Today, just a few inhabitants remain in town, and the memorial park is losing ground to the neighboring park’s encroaching flora. With Montenegrin authorities showing little or no interest in regenerating the neighborhood any time soon, Grahovo remains a fading symbol of resistance, waiting for its next hero.

Cats’ Museum

In the cat sanctuary known as Old Town Kotor, there is a quirky small museum devoted to the hairy feline.

If you are a cat lover, you won’t find a better place like the town of Kotor in Montenegro. The medieval town was founded by the Romans in 168 BC and is known for its high cat population. Kotor served as a trading port for many centuries, and many of the cats, left behind from the ships arriving there, started populating the small town.
In Kotor, cats are an integral part of daily life, and they even have their own museum. The Cat’s Museum is a small structure located in the center of the Old Town. In fact, there is an entire part of the museum devoted to items from cats that were around before and throughout World War One. The care taken to maintain these unusual gems is obvious. They vary from war propaganda to postcards received by troops.

Gospa Od Skrojela (Our Lady of the Rocks)

A little chapel on an artificial island in the Adriatic.

One of two little islands, known as GOSPA OD SKRPJELA (OUR LADY of the Rocks), is situated in the inner Boka Kotorska harbor, close to the Perast ancient town.
These islands’ peculiarity is that they are virtually entirely man-made.
The island was once only a mass of rocks, but according to legend, two fishermen named the Moršić brothers found a picture of the Virgin Mary there on July 22, 1452. On the location, a little Orthodox chapel was built.
There is a tiny museum in Perast’s history behind the church. The “Place of Reconciliation” is the name of the courtyard in front. Today, the little island church serves as a sort of Boka Catholics cultural hub. In particular, it has been used to resolve blood feuds amongst the catholic families of Boka, ending many vendettas. It has also been used for public meetings.

Sveti Stefan

A tiny Balkan Island has been fully encircled by this upscale resort’s 5-star labyrinth of guest rooms.

The Sveti Stefan Resort is crammed onto a little offshore piece of land that was formerly home to a tiny community. The resort has turned the collection of old buildings into luxurious housing for its visitors.
Due to its small size (just over a mile around), the island off the coast of Montenegro is in high demand. The area was first used as a coastal defense but later developed into a little community with 400 residents who erected homes on every possible square inch of the island, giving the impression that they would just slide off the edge into the Adriatic.
Currently, the resort is a stunning private island that is only accessible to guests. The Sveti Stefan remains a type of fortification despite having been transformed into a recreational area; nonetheless, it now primarily serves to defend aristocracy.

Mamula Island

This island, a former military fort and location of unspeakable tragedies during WWII, might become the Adriatic’s next luxury resort.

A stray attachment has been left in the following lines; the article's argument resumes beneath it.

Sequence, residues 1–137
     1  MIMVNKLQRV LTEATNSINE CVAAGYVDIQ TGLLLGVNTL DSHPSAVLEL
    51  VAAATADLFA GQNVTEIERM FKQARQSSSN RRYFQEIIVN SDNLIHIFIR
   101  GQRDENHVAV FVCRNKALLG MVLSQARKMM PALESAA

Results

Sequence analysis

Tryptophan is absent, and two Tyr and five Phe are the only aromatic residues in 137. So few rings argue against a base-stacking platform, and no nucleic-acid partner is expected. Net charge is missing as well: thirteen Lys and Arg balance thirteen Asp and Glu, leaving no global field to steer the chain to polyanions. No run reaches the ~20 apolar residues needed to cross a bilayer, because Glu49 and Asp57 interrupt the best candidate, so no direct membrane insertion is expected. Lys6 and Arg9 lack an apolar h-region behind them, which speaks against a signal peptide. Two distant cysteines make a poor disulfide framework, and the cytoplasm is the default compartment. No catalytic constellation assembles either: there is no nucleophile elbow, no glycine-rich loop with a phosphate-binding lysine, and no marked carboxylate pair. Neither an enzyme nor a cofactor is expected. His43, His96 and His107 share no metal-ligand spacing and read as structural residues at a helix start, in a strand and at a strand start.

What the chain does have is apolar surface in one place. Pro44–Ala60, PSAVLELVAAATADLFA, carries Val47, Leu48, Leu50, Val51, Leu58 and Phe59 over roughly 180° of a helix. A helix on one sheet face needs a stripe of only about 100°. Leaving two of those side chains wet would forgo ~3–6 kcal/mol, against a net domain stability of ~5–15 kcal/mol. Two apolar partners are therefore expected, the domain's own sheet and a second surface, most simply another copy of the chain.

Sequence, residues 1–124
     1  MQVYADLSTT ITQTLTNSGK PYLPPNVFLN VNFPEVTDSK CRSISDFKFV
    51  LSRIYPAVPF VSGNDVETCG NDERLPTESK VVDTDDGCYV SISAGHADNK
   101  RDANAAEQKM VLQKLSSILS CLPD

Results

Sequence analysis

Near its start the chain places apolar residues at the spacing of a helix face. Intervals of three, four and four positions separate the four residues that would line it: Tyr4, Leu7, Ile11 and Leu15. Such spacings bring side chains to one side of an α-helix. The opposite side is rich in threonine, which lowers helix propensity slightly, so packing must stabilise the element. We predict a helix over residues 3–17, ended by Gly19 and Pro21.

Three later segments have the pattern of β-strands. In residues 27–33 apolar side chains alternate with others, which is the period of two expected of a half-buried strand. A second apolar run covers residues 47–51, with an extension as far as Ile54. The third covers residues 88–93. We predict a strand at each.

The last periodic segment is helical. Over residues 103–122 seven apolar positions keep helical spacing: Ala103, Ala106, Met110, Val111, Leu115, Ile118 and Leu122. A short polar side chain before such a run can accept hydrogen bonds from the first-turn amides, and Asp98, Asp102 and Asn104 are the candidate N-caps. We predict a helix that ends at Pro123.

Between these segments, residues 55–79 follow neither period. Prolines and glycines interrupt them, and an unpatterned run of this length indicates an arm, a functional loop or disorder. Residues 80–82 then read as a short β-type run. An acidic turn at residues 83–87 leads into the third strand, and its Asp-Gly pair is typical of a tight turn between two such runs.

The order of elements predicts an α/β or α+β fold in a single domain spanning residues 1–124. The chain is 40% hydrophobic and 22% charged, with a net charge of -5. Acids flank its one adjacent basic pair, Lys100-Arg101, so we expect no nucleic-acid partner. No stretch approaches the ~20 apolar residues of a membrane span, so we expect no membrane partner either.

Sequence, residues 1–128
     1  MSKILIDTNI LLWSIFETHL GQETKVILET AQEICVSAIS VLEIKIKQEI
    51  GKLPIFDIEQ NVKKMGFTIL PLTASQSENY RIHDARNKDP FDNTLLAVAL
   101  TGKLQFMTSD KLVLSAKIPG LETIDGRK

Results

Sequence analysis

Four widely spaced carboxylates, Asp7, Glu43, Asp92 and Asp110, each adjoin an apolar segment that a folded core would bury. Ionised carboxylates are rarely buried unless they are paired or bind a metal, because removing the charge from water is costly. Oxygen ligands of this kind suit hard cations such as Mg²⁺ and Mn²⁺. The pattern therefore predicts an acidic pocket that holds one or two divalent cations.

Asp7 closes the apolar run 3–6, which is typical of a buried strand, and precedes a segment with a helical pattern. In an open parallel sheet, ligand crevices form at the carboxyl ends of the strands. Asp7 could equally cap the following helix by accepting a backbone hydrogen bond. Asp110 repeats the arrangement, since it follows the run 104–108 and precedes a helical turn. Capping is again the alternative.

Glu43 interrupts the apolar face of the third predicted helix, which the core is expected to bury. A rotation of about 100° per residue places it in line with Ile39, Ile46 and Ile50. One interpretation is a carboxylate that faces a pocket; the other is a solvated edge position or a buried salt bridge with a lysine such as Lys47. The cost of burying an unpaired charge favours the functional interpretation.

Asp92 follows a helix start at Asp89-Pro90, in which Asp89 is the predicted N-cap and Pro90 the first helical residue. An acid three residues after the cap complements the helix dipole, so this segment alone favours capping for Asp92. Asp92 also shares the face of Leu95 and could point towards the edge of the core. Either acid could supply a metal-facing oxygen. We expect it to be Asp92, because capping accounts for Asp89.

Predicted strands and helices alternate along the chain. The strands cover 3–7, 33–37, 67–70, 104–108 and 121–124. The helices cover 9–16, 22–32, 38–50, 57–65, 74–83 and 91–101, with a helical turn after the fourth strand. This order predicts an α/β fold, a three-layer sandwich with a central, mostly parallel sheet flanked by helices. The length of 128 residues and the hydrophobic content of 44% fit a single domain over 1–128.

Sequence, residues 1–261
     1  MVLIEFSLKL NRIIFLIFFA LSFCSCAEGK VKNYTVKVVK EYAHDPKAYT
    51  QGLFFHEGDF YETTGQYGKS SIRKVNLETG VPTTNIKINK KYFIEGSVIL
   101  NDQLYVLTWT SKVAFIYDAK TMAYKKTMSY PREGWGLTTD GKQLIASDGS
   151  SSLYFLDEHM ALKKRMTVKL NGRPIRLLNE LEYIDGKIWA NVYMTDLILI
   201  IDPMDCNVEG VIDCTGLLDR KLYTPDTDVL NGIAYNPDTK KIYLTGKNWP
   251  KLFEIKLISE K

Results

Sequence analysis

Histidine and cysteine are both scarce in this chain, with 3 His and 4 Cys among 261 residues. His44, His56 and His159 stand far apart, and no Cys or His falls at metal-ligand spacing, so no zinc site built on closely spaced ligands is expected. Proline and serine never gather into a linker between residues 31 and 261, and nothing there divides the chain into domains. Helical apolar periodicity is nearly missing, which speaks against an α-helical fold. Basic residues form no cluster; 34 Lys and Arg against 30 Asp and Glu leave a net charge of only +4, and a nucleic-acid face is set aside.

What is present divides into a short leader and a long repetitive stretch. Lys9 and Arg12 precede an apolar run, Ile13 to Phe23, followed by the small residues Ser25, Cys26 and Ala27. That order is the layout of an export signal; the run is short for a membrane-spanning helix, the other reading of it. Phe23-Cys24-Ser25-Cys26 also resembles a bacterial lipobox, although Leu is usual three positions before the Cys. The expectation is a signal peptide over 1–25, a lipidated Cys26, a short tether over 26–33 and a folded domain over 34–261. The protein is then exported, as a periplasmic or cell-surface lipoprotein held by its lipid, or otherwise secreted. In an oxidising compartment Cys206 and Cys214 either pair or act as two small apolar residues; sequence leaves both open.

The government of Montenegro has big plans for this unexplored island in the Adriatic Sea.
Malma’s original existence was that of an Austro-Hungarian military fort, which was built in 1853. During World War II, however, the island became most famous for the isolated concentration camp established atop the site of the former’s walls.

Fortress Gorazda

This World War I stronghold is an excellent location for viewing a Montenegrin sunset.

During World War 1, the Austrians used this Austrian-Hungarian fortress to swap artillery rounds with the Montenegrin soldiers. They originally built it between 1884 and 1886. The turret guns are long gone, but the stronghold and all its majesty remain.
During the mid-twentieth century, the stronghold was converted into a jail. It is now entirely abandoned on top of a mountain overlooking both the port of Kotor and the island of Tivat. Although it is currently covered with graffiti, it is still a fantastic area to explore. It’s also a great place to see the sunset. The views are likely to be among the nicest in the region.

Mausoleum of Petar II Petrovic-Njegos

A stunning mountainside tomb dedicated to a Montenegrin icon does not seem to please everyone.

Atop high, the Mausoleum of Petar ii Petrovi-Njego, on an otherwise untouched mountain in the European republic of Montenegro, recalls one of the region’s revered presidents with a contest-designed tomb that yet did not appease many detractors.
The freshly erected mausoleum is positioned atop one of Mount Loven’s two summits and is located within Loven National Park. The impressive structure is reached via a long route that twists up the mountain, followed by a 461-step trek. Inside the mausoleum, there is a massive granite monument of Njego, his grave, and a 360-degree stone viewing circle. From the peak, one can view more than half of the little nation, from the Bay of Kotor to Lake Skadar to Podgorica. On a clear day, Albania and Croatia may be seen. Despite the criticisms, few can argue that Petar II Petrovic-Njegos’ Mausoleum is not attractive enough for a national hero.

Cathedral of the Resurrection of Christ